Preckwinkle defends firing of county health department chief during pandemic

The Cook County Board president said Dr. Terry Mason was great at public education and outreach, but what was needed is “strong operational leadership.”

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Dr. Terry Mason, chief operating officer for the Cook County Department of Public Health, right, along with Cook County Board President Toni Preckwinkle, left.

Dr. Terry Mason, former chief operating officer for the Cook County Department of Public Health, right, along with Cook County Board President Toni Preckwinkle, left, in March.

Tyler LaRiviere/Sun-Times file

Dr. Terry Mason was “very good at public education and outreach” but not so much at “strong operational leadership,” Cook County Board President Toni Preckwinkle said Friday, explaining her decision to fire the county health department chief in the middle of the coronavirus pandemic.

Mason’s firing has raised eyebrows because he was the man in charge of the county’s response to the pandemic.

He’s the former Chicago health commissioner who joined county government, first as chief medical officer then as chief operating officer.

Last week, Mason was abruptly replaced on an interim basis by Drs. Kiran Joshi and Rachel Rubin. Both have been senior medical officers at the county department since 2014 and members of the medical staff at Stroger Hospital.

At the time, Preckwinkle would only say that Mason had been “terminated.” She heightened the drama on a Friday — when politicians routinely bury bad news — by announcing that she was closing the emergency room at Provident Hospital for a month to figure out a better way to handle the “large volume of patients” and the “challenges of a pandemic” at the South Side hospital.

A week later, Preckwinkle both explained and defended her decision to fire Mason.

He is the third high-ranking health official to be cut from county government in recent months.

“There’s no good time to make high-profile personnel decisions. I’m very grateful to Terry Mason for his service to the county. He’s a very good public educator, [and with] outreach work — particularly to the African American community. Reminding us of the ... hyper-tension and heart disease that plague our communities and what we can do ourselves to mitigate some of the impacts of those diseases.

“This is a time, however, when we need strong operational leadership. And Dr. Rachel Rubin and Dr. Kiran Joshi are co-leaders now of our Department of Health, and I have great confidence in them.”

Pressed to specify where Mason had fallen short in providing “strong operational leadership,” Preckwinkle said, “I’ve said all I’m gonna say on this. Why don’t you ask another question?”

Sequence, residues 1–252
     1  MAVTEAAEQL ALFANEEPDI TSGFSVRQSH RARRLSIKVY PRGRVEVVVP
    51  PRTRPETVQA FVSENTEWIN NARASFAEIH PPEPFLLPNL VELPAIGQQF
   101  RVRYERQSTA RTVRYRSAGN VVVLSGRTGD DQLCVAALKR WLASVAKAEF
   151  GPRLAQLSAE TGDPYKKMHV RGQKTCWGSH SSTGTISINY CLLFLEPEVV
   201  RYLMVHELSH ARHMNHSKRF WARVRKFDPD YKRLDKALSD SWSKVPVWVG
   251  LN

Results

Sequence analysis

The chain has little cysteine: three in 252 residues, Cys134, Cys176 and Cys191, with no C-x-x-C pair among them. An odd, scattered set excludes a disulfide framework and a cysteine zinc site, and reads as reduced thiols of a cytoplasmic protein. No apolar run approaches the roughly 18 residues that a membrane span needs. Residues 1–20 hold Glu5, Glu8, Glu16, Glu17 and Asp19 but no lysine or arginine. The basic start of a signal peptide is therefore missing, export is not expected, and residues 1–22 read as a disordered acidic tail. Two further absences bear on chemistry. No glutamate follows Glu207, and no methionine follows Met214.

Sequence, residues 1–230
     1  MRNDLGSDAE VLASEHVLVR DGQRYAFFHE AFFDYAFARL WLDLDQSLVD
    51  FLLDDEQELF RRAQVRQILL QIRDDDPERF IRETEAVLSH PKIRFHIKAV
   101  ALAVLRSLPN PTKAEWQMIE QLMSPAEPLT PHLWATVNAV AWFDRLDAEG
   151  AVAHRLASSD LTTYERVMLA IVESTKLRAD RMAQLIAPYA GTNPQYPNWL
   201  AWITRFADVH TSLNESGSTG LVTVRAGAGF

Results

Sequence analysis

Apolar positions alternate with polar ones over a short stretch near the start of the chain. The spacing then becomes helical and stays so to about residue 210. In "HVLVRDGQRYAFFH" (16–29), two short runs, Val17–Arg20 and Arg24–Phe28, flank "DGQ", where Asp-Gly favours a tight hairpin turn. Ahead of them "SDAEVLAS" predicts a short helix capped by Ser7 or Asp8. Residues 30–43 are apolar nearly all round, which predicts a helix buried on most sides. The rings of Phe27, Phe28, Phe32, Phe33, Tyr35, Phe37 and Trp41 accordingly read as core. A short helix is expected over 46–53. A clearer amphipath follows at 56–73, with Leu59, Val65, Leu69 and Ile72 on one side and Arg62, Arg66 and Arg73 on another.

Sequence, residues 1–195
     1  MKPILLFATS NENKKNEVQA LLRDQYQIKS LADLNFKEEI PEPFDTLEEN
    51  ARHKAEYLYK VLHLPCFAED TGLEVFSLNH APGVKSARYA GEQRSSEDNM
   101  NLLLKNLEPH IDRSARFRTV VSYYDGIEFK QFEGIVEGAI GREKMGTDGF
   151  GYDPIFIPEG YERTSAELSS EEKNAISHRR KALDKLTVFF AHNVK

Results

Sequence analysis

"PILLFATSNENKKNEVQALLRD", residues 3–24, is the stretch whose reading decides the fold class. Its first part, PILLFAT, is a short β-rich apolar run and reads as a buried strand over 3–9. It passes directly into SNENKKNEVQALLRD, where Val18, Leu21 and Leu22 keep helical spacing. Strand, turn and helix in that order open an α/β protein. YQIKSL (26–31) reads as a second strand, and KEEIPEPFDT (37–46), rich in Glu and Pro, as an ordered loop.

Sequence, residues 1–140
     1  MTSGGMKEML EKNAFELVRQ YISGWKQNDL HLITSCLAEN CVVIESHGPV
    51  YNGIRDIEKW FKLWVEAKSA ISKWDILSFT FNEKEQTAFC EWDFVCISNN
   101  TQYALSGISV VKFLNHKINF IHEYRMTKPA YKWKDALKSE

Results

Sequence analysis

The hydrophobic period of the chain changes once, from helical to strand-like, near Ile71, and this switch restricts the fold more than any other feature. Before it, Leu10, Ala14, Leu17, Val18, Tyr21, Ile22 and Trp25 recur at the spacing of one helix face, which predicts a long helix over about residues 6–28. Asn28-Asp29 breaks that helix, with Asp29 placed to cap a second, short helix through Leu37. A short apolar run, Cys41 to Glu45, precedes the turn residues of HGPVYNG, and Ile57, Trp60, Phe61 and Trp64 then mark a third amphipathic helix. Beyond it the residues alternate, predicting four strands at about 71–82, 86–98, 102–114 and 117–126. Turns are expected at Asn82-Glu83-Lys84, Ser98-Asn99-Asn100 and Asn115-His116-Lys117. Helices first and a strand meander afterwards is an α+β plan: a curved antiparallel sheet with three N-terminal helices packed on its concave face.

Cook County Commissioner Larry Suffredin, D-Evanston, told the Chicago Sun-Times last week he hadn’t been given a “coherent” explanation for why Mason was let go, saying all of his experiences with the former head of the public health department in the past 10 days had been positive.

“I always felt Terry Mason did a good job, and I always enjoyed working with him. But obviously Debra Carey and [chair of the health system’s board of directors] Hill Hammock felt it was time for a change,” Suffredin said.

Commissioner Sean Morrison, R-Palos Park, found the move “very alarming” considering the spread of coronavirus throughout the county.

“This coronavirus is very real, we haven’t even hit the apex yet, that’s a few weeks away,” Morrison said. “I think he did a good job.”

On Friday, Preckwinkle said she has talked to “every county commissioner a number of times over the last several weeks, and they have not shared that view with me.”

As for the emergency room closing at Provident Hospital, Preckwinkle said she had no other choice after one of the health care workers there tested positive for the coronavirus.

“We sent an infectious disease team over to Provident to look at the space to try to figure out what was going on there. What they determined is there was no way to practice social distancing given the way the emergency department was configured,” she said.

“So we said … we’ll close down the emergency room for a maximum of four weeks. We’ll try to get it done quickly. Tear out the walls and try to reconfigure the space so we can practice the social distancing that’s required in this pandemic …. We’re trying to make the emergency room a safe place for the people who work there and for the people who come there as patients.”

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